Eleven years ago, we began our annual pilgrimage to Big Sky, Montana.  This family friendly mountain has become a second home for us. When we first put Jimmy on skies, he lit up.  He liked the speed and didn't fall. We used a harness for several years as he was very capable of skiing almost anything on the hill but lacked awareness of others.  Enter Mike, Big Sky ski instructor. We hired Mike to ski with Jimmy and help us rid him of the harness. Mike asked if Jimmy had ever crashed…..I thought no, we hadn't let him with the harness…..Mike said, "best method of speed control is crashing. But, don't worry, I won't let him get hurt."  Well, he was right about that… minor crash and his speed control was much improved. Mike, introduced us three years ago to the Eagle Mount organization in Bozeman.  Eagle Mount makes possible outdoor activities for people with all kinds of disabilities.  They are staff by phenomenal volunteers.  Now, Jimmy skies with folks from Eagle Mount part of the day.  They work with him on control, awareness and challenge his skill level. Skiing is a gift for Jimmy and he has learned to ski virtually any part of the mountain in all conditions. Jimmy skies independently but still struggles somewhat with awareness on the hill.  He loves skiing as much as I do and the rest of the family. 

When I was a kid, my parent bought a piece of property in Northern Minnesota.  There was an ancient tractor on the property. It didn't work and the instruction/repair manual was long gone.  Yet, my dad was determined to get it started.  We took the tractor apart piece by piece to try to understand how it worked and what wasn't working. This has become a lifelong lesson for me as we don't always know how things work or how they should function.  We had to improvise with the tractor and had hope that we could get it running. It doesn't really matter if the tractor ran or not… was the journey as we worked and hoped to help it function. With effort, hope and creativity many things are possible.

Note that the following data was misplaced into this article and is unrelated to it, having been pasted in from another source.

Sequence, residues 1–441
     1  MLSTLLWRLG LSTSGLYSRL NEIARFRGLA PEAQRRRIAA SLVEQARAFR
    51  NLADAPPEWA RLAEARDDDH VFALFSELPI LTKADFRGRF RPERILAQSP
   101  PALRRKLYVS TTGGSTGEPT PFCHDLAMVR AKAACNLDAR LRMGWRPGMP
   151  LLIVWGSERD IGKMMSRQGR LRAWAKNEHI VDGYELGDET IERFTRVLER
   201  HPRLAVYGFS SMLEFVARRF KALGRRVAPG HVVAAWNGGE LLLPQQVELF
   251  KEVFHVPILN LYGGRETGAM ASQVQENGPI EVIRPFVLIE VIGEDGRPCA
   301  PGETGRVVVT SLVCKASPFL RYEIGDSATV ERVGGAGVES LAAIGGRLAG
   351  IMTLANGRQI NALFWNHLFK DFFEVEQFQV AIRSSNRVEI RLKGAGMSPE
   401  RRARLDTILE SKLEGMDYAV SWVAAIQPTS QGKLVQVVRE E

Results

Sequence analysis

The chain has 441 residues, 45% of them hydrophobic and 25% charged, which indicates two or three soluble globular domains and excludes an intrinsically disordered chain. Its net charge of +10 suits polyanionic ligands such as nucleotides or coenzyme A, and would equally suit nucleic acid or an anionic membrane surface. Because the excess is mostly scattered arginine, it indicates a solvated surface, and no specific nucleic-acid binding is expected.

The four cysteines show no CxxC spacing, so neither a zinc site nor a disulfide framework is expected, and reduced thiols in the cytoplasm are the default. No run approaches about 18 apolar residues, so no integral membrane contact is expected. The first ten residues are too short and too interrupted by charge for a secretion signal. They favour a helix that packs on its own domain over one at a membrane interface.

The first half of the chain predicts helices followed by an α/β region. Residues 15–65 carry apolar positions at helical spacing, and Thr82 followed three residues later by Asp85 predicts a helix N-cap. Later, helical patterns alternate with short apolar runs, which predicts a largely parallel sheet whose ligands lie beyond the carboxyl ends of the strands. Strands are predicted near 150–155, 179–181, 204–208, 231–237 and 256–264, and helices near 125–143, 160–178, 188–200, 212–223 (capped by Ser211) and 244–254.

Friday, March 11, 2011

Road Maps Needed

Jimmy 2007 at age 14 weighing 68 lbs

When Jimmy was diagnosed with autism  in 1996,  the incidence was 1 in 10,000 births.  Certainly, autism was a rare occurrence at that time and we believed that Jimmy was an anomaly.  Soon we realized that he wasn't the only child with autism as we saw similar children on the playgrounds and were hearing the word, "autism" more and more frequently from our peer parents. The Center for Disease Control and Prevention reports that in 2011 it is "estimated that between 1 in 80 and 1 in 240 with an average of 1 in 110 children in the United States have an ASD", (Center for Disease Control and Prevention).  This change is quite remarkable in 15 years. 

When a disease/disorder is rare, it is often difficult to locate trained professionals who can assist families in obtaining the resources that they need, or for that matter, find useful answers to questions.  At the beginning of our journey, I wondered why my questions seemed to be so puzzling to doctors, teachers and family members.  Responses that I often received seemed to make little logical sense or offer relief for Jimmy or our family.  Then it dawned on me, that we were at the beginning of, perhaps, a new disease and that answers were not readily available. It would require a collective effort to find useful answers. All of these well meaning doctors, teachers and professionals just didn't have the information yet to provide us with the needed tools. Basically, there were no road maps to help us find our way….the maps hadn't been surveyed, drawn or published. Much work would need to be done.